What troubles me most about finding a car like this is that–like a politician–once you put them in place to do their job, you begin to find the major flaws in them that were unseen before. What seemed like a solid choice (made through either logic or emotion) can often come back to haunt you for years into the future. You rarely know who the previous owner of the vehicle is, nor what they’ve done to it.
In the case of Nigel, my Land Rover, the previous owner was apparently an Old English Sheepdog who farmed. It also had a penchant for smoking fine cigars while taking long drives through the corrosive brine that is the Atlantic Ocean. My E30 BMW was lovingly garaged by a kindly gentleman before he decided to sell it to his nephew. In no time the nephew went about undoing his uncle’s good intentions with poorly-aimed wire cutters and scents & tacky add-ons found only in the Pep Boys’ “Accessories” aisle (or much of New Jersey). The stereo wiring in my E34 BMW was sorted according to what color combinations seemed the prettiest, with no regard for function or longevity. As for my Rabbit? The evils that lurked under that shell are best left unspoken here.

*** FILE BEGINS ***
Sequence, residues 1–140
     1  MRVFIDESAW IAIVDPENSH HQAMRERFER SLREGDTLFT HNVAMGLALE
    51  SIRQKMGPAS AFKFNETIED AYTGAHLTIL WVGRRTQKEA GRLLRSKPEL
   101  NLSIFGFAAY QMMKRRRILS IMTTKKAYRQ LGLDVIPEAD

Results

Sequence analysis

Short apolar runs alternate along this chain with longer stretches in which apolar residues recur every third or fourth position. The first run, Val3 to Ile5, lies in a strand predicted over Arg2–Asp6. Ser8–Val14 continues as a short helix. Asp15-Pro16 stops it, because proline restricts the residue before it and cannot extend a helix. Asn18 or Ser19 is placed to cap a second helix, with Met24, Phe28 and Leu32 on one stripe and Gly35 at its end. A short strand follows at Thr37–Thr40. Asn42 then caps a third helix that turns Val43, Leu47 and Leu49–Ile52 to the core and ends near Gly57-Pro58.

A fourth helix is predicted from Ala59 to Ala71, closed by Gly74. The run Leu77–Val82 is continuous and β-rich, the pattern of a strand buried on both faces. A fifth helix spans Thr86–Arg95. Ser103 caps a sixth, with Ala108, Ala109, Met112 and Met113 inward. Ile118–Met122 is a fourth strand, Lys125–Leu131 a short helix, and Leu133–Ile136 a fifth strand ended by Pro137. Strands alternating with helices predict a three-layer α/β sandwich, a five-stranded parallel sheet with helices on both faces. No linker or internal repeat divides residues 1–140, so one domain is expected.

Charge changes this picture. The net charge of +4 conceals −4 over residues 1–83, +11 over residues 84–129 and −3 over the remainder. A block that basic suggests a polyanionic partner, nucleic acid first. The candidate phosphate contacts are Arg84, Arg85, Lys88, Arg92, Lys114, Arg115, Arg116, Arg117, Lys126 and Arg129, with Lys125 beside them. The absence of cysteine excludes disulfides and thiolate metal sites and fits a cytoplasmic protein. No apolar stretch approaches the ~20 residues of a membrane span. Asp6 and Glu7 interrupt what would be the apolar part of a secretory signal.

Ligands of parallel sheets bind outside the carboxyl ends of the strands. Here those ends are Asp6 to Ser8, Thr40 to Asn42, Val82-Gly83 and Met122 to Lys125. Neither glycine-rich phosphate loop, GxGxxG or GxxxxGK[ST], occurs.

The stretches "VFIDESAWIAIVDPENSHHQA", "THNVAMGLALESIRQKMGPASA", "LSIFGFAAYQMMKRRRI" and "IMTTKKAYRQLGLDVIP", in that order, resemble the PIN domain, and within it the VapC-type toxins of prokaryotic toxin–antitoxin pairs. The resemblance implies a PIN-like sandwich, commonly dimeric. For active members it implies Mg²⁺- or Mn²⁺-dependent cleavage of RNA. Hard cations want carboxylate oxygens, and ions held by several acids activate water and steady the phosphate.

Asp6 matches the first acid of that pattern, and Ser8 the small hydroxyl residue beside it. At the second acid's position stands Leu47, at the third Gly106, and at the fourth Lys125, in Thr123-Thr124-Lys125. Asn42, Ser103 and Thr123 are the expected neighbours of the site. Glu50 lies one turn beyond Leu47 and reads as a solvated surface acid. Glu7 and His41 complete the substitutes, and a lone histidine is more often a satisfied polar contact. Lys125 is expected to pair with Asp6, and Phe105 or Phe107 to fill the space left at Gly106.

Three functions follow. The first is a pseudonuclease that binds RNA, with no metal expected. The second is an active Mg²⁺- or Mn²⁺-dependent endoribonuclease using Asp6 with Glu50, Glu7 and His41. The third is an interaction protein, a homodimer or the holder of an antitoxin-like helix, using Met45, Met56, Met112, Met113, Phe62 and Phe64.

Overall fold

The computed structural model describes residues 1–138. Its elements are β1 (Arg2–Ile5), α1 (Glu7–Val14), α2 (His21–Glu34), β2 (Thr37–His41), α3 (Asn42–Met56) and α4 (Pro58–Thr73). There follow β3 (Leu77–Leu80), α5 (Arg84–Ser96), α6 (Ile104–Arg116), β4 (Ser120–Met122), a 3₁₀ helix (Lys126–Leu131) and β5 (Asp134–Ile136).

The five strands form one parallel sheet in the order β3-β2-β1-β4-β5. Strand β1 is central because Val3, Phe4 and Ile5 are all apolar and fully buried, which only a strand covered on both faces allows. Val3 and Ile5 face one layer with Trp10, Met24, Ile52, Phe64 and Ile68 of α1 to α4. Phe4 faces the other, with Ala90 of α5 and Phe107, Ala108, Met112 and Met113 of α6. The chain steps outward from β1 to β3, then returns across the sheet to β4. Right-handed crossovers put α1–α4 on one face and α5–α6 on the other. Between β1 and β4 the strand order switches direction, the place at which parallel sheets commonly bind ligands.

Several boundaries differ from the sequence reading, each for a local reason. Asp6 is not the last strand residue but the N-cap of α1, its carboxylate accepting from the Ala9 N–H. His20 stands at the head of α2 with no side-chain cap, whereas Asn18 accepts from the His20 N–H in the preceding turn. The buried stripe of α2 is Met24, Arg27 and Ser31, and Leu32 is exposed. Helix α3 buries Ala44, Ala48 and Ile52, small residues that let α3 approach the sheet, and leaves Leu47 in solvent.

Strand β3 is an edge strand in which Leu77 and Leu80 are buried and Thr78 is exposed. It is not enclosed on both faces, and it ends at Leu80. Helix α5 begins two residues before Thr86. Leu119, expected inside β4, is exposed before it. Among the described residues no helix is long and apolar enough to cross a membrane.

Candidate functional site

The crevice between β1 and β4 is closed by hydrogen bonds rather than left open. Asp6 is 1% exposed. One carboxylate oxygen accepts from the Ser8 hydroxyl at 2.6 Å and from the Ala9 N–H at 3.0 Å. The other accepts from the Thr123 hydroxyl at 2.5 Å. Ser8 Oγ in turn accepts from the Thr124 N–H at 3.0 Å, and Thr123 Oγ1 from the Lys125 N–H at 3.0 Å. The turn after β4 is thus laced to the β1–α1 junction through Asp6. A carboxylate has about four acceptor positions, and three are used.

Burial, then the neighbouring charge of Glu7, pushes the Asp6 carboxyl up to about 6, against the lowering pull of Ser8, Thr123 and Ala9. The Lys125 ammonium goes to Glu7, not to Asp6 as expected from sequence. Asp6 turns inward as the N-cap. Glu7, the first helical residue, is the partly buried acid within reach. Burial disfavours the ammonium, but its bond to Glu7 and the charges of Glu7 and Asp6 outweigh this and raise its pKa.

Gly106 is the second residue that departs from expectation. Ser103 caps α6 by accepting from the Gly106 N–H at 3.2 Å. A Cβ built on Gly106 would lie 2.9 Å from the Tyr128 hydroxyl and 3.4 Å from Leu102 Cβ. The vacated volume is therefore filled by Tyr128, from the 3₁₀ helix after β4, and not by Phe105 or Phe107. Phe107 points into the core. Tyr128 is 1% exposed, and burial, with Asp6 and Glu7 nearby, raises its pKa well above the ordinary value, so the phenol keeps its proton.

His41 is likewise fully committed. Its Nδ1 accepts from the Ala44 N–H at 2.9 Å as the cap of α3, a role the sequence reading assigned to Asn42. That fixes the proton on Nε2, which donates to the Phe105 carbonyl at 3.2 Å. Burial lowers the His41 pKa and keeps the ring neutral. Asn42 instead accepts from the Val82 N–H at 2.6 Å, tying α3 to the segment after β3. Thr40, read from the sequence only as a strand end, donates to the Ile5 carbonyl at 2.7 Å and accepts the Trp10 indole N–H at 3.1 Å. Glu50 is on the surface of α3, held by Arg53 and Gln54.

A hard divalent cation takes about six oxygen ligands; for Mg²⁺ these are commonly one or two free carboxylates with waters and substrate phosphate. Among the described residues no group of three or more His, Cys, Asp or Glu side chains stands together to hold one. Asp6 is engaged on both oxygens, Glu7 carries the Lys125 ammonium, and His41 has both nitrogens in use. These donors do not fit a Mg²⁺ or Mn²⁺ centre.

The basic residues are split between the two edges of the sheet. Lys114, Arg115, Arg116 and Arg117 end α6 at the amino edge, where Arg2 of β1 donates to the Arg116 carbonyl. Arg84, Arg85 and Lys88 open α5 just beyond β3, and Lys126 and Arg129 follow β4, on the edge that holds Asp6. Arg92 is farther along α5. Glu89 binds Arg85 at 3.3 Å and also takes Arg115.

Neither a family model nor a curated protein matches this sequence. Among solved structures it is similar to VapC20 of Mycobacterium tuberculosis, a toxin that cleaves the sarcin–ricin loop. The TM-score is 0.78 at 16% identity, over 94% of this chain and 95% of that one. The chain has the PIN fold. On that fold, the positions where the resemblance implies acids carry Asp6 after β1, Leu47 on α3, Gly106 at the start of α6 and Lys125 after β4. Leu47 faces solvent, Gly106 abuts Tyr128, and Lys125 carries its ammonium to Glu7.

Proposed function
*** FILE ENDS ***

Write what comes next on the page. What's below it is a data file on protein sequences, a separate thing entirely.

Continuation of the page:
Previous owners aren’t always terrible ogres. When I went to pick up my Aprilia Futura from its former home, I knew I had found a winner. The bike was in a heated garage with all manner of tools, spares, and accessories neatly hung from pegboard. We talked about the bike’s thorough service history and the mechanic who performed it (with receipts to prove it). The real touching part was when the bike was tied down in the back of the Sprinter van and we were saying our good-byes. I shook Lou’s hand one final time and saw his eyes welling up with tears. That bike was loved.
It is with this mixed history of used vehicle that I meekly gave my blessing on Gordon’s Subaru Legacy Outback purchase. I sincerely hope it does well for them. Yet, I fear that I may have missed something and that something might cost them dearly down the road, but at least I know that I tried my best.
“So,” some of you might ask, “why not just get a new car and avoid the gamble?” Are you serious? Do you know what those dealer techs DO to those things before you get ahold of them!?